Echoes of Sassoon

“The General’s a cheery old fellow. An indifferent general, I understand. But that’s a normal condition of British generals, apparently.”

That sentence suddenly appears as an offhand comment in The Deductions of Colonel Gore (1924) a rather run-of-the-mill detective story by Lynn Brock.

Surely it’s an echo of Siegfried Sassoon’s poem, ‘The General’:

“He’s a cheery old card,” grunted Harry to Jack
As they slogged up to Arras with rifle and pack.
* * * *
But he did for them both by his plan of attack.

Otherwise the book has little to say about the war – except that there is a disillusioned, restless feel to the characters. The war seems to have disturbed their lives, and many have been paired off with partners they don’t feel are adequate. Which produces plenty of motivations for murder.
The detective is Colonel Gore, a professional soldier who “had gone, very abruptly, to France in 1914.” He served there throughout the war, and “A year on the Rhine had completed his military career.” An unexpected legacy enables him to spend a year in Rhodesia hunting big game, and writing a book about the experience. But then:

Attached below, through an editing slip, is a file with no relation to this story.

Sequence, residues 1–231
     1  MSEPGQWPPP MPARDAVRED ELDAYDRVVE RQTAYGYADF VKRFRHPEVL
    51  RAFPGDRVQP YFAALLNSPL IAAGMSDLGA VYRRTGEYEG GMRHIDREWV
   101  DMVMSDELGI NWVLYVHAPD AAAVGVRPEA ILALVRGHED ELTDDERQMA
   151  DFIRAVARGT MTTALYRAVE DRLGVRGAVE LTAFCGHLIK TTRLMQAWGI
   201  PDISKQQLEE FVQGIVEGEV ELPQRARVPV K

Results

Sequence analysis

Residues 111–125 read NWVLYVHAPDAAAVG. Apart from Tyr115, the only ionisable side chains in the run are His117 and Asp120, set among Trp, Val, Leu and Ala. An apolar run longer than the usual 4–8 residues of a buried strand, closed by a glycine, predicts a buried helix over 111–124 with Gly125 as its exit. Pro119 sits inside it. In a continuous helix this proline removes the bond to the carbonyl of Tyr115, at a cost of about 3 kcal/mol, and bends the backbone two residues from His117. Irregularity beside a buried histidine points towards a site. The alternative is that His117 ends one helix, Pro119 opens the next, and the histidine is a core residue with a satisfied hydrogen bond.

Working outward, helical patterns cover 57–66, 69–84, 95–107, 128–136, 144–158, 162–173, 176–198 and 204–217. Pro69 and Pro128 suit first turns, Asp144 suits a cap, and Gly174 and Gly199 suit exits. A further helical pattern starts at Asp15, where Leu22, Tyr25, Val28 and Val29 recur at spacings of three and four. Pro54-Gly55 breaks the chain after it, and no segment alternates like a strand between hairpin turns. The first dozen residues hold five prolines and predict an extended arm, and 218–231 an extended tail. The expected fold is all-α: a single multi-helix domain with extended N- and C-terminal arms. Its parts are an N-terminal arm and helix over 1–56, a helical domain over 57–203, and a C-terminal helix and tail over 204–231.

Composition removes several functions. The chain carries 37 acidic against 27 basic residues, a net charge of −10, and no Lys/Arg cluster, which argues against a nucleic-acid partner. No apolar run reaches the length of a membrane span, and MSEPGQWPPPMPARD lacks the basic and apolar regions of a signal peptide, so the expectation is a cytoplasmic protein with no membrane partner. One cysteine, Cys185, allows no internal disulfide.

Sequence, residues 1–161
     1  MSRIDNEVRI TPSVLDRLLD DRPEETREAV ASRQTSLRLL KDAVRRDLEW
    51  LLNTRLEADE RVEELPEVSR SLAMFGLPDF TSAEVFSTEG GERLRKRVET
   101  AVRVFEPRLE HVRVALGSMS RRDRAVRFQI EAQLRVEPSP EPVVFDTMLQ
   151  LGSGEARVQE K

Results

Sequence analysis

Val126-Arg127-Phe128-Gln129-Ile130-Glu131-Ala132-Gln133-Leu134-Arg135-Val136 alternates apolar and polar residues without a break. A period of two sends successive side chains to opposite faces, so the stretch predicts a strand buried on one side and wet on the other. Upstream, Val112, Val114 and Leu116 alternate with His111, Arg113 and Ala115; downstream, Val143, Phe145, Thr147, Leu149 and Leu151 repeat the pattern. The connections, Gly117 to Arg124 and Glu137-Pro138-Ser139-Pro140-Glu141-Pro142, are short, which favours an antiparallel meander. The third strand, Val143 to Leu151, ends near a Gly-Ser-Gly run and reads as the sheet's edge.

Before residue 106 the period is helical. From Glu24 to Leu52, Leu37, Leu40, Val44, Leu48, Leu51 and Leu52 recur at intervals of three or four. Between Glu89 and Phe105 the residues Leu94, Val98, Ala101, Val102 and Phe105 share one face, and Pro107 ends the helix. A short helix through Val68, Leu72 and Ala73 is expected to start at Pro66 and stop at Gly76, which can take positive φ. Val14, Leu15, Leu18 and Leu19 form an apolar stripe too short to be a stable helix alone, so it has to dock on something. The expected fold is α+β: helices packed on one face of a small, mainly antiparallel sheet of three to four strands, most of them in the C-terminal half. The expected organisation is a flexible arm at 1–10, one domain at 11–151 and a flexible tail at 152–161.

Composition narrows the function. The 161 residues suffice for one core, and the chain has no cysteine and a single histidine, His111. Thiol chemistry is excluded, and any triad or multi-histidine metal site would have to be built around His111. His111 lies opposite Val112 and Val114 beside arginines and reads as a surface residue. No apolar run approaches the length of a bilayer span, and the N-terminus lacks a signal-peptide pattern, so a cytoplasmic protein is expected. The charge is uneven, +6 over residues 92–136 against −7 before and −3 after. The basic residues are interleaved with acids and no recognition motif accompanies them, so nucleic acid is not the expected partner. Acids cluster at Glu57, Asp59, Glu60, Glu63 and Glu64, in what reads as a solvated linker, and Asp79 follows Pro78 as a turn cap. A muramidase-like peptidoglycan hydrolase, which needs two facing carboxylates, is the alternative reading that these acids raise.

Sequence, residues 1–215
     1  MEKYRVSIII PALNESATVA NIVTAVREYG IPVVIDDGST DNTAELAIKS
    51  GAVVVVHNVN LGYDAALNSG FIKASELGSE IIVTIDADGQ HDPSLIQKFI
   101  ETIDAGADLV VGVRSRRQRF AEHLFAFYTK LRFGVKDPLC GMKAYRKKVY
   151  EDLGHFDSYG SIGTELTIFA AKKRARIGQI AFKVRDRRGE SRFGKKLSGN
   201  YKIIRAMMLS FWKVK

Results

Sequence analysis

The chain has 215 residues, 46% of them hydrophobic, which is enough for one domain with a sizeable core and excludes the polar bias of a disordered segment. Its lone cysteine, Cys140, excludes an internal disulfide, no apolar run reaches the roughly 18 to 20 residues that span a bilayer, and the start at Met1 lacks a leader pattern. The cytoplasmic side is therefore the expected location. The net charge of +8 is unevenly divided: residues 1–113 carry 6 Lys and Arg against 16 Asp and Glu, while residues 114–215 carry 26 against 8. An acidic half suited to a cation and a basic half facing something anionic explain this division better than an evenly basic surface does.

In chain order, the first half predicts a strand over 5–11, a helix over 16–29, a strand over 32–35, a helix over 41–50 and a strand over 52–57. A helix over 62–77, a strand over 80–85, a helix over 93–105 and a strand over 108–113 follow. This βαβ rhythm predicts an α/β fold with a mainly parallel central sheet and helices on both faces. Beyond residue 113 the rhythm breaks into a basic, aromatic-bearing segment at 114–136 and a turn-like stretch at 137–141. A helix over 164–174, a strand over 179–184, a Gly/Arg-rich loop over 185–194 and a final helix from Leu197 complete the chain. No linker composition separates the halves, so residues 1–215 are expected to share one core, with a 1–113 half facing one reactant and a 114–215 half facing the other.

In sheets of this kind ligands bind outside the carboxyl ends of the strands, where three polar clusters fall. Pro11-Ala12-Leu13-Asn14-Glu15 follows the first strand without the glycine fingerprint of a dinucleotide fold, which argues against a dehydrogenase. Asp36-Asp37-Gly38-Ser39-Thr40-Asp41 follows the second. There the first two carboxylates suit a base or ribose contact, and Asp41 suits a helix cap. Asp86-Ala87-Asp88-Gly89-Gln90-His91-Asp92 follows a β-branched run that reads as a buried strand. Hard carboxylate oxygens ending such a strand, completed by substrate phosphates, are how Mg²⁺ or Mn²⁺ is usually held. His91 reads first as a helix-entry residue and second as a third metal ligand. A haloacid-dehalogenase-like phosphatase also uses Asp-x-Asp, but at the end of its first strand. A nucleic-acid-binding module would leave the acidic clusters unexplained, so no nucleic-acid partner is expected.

Two days after his forty-second birthday, he had landed in England,,, and, bored to extinction by a London which seemed to him entirely populated by Jews, had fled westwards in search of such of his kith and kin as still survived.

Oh dear. However much twenties fiction I read, these blatant gobbets of Anti-Semitism still have the power to shock.
The echo of Sassoon interests me. I’ve written before about an Edgar Wallace story that is more or less a version of Sassoon’s “The Hero”, and The Victors by “Peter Deane”(Pamela Hinkson) works hard for a feeling of authenticity by incorporating several phrases and ideas from Sassoon. He had the reputation of being the great realist poet of the war, and his work was clearly a strong influence on writers of the twenties who wanted to conjure the impression of wartime realism. There’s probably an interesting paper to be written, developing this, but I shouldn’t think it’s one that I’ll get round to writing.

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